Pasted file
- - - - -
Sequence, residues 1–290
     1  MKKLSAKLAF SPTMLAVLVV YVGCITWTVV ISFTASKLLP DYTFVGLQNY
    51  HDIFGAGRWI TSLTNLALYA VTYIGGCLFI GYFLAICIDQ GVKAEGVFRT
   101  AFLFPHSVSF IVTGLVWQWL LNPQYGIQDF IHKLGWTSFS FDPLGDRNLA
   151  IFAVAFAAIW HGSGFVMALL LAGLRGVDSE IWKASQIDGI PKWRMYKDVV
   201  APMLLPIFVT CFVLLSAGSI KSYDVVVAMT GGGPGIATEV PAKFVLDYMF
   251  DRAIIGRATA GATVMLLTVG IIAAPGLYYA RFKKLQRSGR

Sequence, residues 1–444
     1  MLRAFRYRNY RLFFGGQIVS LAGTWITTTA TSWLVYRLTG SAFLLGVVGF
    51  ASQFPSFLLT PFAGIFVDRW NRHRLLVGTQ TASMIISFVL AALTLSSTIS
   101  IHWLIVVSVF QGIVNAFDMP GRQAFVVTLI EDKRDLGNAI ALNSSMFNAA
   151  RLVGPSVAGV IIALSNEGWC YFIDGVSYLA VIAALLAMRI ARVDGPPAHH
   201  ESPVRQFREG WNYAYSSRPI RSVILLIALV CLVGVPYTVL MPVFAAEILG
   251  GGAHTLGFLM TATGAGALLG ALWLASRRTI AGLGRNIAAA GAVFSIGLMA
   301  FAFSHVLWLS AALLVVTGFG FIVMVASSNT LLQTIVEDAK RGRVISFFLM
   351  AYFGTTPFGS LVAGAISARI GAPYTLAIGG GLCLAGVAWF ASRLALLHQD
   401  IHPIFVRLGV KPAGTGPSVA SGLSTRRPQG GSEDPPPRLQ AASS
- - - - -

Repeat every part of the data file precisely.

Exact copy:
Sequence, residues 1–290
     1  MKKLSAKLAF SPTMLAVLVV YVGCITWTVV ISFTASKLLP DYTFVGLQNY
    51  HDIFGAGRWI TSLTNLALYA VTYIGGCLFI GYFLAICIDQ GVKAEGVFRT
   101  AFLFPHSVSF IVTGLVWQWL LNPQYGIQDF IHKLGWTSFS FDPLGDRNLA
   151  IFAVAFAAIW HGSGFVMALL LAGLRGVDSE IWKASQIDGI PKWRMYKDVV
   201  APMLLPIFVT CFVLLSAGSI KSYDVVVAMT GGGPGIATEV PAKFVLDYMF
   251  DRAIIGRATA GATVMLLTVG IIAAPGLYYA RFKKLQRSGR

Sequence, residues 1–444
     1  MLRAFRYRNY RLFFGGQIVS LAGTWITTTA TSWLVYRLTG SAFLLGVVGF
    51  ASQFPSFLLT PFAGIFVDRW NRHRLLVGTQ TASMIISFVL AALTLSSTIS
   101  IHWLIVVSVF QGIVNAFDMP GRQAFVVTLI EDKRDLGNAI ALNSSMFNAA
   151  RLVGPSVAGV IIALSNEGWC YFIDGVSYLA VIAALLAMRI ARVDGPPAHH
   201  ESPVRQFREG WNYAYSSRPI RSVILLIALV CLVGVPYTVL MPVFAAEILG
   251  GGAHTLGFLM TATGAGALLG ALWLASRRTI AGLGRNIAAA GAVFSIGLMA
   301  FAFSHVLWLS AALLVVTGFG FIVMVASSNT LLQTIVEDAK RGRVISFFLM
   351  AYFGTTPFGS LVAGAISARI GAPYTLAIGG GLCLAGVAWF ASRLALLHQD
   401  IHPIFVRLGV KPAGTGPSVA SGLSTRRPQG GSEDPPPRLQ AASS